mq-9 reaper
A U.S. Air Force MQ-9 Reaper awaits maintenance Dec. 8, 2016, at Creech Air Force Base, Nev. The Air Force is set to retire the MQ-1 Predator and transition solely to the more capable MQ-9 in early 2018 to keep up with the continuously evolving battlespace environment.
(Photo by U.S. Air Force/Senior Airman Christian Clausen)

Goodbye, MQ-1. Hello, MQ-9. That’s right, the Air Force has announced it will retire the MQ-1 Predator drone in early 2018 and fly the MQ-9 Reaper exclusively in order to “keep up with the continuously evolving battlespace environment,” the service said in a statement.

The MQ-1 has been flown in combat for the past 21 years. The MQ-9, which has 10 years of service under its belt, is better equipped to help the Air Force stay in the fight due to increased speed, high-def sensors and the ability to carry more munitions.

Current areas of responsibility call upon combat RPAs (Remotely Piloted Aircraft) to be used for “more precise close air support engagements,” as opposed to years past when they were used solely for intelligence gathering and real-time reconnaissance, the Air Force said.

That’s where the MQ-9 comes in.

According to UPI, the MQ-9 Reaper boasts a 3,750-pound payload capacity, a 50,000-foot flight ceiling and can reach cruising speeds around 230 miles per hour. That’s a significant upgrade from the MQ-1, which has a 450-pound payload capacity, a flight ceiling of 25,000 feet and can reach cruising speeds around 84 miles per hour.

Both aircraft are manufactured by General Atomics.

Right now, the 20th Attack Squadron at Whiteman Air Force Base, Missouri is making the transition to the MQ-9.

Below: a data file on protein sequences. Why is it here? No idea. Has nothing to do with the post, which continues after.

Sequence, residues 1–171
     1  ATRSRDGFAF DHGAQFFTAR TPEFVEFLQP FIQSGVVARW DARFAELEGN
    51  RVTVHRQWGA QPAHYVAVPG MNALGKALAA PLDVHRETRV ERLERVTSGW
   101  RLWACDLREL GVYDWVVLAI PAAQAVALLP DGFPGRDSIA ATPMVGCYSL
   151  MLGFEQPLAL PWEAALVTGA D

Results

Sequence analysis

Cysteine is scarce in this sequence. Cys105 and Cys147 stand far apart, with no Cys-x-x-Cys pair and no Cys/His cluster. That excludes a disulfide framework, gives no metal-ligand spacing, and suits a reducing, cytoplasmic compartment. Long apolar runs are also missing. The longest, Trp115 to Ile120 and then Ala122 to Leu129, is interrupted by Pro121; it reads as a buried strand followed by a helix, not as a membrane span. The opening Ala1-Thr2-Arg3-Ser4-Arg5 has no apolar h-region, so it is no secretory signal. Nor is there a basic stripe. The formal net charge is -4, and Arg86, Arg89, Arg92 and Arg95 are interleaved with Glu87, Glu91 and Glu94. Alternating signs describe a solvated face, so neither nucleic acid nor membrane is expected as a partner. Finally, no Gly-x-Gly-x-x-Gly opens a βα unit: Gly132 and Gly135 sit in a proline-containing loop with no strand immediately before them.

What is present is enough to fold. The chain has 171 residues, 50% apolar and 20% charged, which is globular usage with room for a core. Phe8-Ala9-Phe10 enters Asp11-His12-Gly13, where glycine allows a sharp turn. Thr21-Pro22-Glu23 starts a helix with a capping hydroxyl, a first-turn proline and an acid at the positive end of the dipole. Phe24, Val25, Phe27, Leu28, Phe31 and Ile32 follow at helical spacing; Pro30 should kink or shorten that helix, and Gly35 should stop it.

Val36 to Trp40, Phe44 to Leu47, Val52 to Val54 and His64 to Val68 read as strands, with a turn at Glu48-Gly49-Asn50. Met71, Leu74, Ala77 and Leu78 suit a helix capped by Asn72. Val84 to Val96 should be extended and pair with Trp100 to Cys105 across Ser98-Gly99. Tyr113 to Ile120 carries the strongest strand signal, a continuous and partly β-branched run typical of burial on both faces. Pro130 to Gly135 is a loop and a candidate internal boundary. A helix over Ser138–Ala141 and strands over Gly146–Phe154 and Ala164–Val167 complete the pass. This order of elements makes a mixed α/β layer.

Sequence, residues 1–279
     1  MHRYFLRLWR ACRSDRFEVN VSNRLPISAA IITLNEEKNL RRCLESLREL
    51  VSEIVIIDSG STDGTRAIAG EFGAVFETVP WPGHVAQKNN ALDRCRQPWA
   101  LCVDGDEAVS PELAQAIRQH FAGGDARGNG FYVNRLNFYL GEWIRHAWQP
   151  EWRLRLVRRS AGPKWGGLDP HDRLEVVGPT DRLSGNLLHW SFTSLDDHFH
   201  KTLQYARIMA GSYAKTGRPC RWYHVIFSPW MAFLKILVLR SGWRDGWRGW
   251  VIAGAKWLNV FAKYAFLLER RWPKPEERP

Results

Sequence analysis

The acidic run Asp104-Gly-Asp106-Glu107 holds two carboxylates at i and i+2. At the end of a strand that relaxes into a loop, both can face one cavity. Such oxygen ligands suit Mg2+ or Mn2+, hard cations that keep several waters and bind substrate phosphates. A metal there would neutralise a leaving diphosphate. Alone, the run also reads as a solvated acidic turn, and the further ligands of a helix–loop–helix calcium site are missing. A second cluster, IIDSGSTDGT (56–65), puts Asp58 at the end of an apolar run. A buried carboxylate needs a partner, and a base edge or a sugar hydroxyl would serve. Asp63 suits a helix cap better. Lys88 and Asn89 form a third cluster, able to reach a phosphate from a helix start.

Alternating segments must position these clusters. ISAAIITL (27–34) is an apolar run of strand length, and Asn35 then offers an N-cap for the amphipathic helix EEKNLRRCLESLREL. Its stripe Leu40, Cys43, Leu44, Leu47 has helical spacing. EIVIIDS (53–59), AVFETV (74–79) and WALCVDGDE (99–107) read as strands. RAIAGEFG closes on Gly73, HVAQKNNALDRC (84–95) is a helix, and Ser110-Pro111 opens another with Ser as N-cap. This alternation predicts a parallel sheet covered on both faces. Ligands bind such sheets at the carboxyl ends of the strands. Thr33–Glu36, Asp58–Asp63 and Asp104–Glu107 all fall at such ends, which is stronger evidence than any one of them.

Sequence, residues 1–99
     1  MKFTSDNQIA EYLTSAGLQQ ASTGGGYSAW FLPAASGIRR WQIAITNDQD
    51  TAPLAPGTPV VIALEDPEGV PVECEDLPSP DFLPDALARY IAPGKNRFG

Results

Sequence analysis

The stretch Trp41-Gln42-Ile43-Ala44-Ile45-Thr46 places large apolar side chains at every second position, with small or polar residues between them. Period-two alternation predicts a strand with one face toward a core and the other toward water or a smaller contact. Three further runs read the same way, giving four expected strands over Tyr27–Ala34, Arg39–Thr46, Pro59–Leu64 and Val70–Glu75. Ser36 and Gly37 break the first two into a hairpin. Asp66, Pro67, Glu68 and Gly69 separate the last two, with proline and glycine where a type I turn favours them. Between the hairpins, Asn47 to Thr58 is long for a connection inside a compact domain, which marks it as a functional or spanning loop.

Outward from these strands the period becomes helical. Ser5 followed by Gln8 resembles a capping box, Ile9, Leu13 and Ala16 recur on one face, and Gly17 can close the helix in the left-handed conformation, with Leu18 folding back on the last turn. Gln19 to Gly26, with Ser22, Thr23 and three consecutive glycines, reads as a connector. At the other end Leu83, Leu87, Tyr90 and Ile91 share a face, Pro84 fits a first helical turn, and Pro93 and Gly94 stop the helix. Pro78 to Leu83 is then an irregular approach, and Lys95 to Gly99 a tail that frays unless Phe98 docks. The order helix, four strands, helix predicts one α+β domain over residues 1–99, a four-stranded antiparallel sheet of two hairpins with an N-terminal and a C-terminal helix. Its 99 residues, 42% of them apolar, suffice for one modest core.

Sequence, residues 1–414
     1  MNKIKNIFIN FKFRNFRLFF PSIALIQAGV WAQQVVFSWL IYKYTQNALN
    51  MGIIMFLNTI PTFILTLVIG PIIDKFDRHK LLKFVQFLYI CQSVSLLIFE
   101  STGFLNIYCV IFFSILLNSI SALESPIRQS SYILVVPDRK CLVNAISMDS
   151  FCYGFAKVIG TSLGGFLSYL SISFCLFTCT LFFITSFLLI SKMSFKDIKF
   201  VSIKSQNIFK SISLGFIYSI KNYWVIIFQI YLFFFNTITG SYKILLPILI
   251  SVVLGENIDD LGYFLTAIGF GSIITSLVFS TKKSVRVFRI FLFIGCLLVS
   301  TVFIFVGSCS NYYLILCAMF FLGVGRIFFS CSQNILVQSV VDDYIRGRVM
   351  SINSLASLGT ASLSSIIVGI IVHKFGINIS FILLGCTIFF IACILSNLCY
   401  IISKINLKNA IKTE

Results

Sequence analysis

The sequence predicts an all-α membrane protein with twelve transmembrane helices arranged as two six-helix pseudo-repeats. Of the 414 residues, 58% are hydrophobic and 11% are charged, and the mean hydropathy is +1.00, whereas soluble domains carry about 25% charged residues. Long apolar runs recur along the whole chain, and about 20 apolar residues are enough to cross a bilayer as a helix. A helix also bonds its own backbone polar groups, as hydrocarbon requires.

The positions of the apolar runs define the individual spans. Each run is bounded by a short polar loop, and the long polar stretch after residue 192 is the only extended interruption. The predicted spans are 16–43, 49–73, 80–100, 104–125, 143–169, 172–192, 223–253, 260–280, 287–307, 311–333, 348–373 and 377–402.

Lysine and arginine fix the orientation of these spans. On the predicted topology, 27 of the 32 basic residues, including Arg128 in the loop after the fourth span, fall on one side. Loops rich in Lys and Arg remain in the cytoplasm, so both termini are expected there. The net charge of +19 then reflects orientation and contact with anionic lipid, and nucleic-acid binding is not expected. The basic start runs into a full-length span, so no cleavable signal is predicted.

“The plan is to stop flying the MQ-1 in 2018, and that means we need to get transitioned this year,” said Lt. Col. James, 20th Attack Squadron commander. “As part of that we are going to stop flying the MQ-1 completely by July 1, 2017. We will gradually stand up our number of combat lines on the MQ-9, so by the end of the year we are only an MQ-9 squadron.”

“We’re hitting a home run by going to the MQ-9,” James added. “We have made a difference.”

MQ-9 Specs

Primary function: find, fix, and finish targets
Contractor: General Atomics Aeronautical Systems, Inc.
Power plant: Honeywell TPE331-10GD turboprop engine
Thrust: 900 shaft horsepower maximum
Wingspan: 66 feet (20.1 meters)
Length: 36 feet (11 meters)
Height: 12.5 feet (3.8 meters)
Weight: 4,900 pounds (2,223 kilograms) empty
Maximum takeoff weight: 10,500 pounds (4,760 kilograms)
Fuel capacity: 4,000 pounds (602 gallons)
Payload: 3,750 pounds (1,701 kilograms)
Speed: cruise speed around 230 mph (200 knots)
Range: 1,150 miles (1,000 nautical miles)
Ceiling: Up to 50,000 feet (15,240 meters)
Armament: combination of AGM-114 Hellfire missiles, GBU-12 Paveway II and GBU-38 Joint Direct Attack Munitions
Crew (remote): two (pilot and sensor operator)
Unit cost: $64.2 million (includes four aircraft, sensors, GCSs, and Comm.) (fiscal 2006 dollars)
Initial operating capability: October 2007

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